“We’re in a situation now where things are so polarized that it’s not only a question of whether there’s room for pro-life candidates in the Democratic Party — and that’s been a live question for a long time — but now the parallel question is: Are there pro-life voters, is there a constituency of pro-life voters who are willing to back pro-life Democrats,” Michael Wear, the founder of Public Square Strategies who led religious outreach for former President Barack Obama’s re-election campaign, said. 

“As a Democrat, if you’re going to run as pro-life, you’re giving up and sacrificing quite a bit of fundraising, potential forums to appeal to, and obviously some potential voters in a primary context who prioritize the issue,” he continued. “In order to justify being pro-life, in order to make up for that politically, you’d really like to see a fundraising apparatus, advocacy groups, and a clear constituency of voters who would reward the stance.”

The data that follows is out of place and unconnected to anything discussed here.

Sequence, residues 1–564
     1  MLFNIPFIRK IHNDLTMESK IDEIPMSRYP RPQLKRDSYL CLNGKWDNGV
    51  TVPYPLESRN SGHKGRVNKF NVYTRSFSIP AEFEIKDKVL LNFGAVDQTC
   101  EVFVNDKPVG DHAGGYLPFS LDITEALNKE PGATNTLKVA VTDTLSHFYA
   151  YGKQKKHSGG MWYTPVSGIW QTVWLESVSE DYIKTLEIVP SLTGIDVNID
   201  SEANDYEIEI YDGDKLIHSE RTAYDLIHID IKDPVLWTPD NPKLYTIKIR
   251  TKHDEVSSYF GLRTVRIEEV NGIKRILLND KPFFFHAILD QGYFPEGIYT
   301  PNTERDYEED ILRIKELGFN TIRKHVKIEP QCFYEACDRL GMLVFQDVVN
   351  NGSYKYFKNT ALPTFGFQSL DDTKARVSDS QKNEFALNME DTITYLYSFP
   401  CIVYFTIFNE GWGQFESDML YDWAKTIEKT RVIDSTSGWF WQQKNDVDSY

A 2019 Pew Research study found only 50 percent of Missourians opposed abortion — which was higher than the national average of 39 percent. But Missouri was one of seven states that enacted strong anti-abortion laws that year, and in four of them, a majority of adults said they opposed abortion. 

“Despite Republicans’ efforts to push a dangerous anti-abortion agenda, a vast majority of Americans of all races, backgrounds, and political parties agree that politicians have no place interfering in the personal decisions people make about pregnancy. Reproductive freedom is a winning issue, period,” said Mallory Schwarz, NARAL Pro-Choice Missouri’s executive director.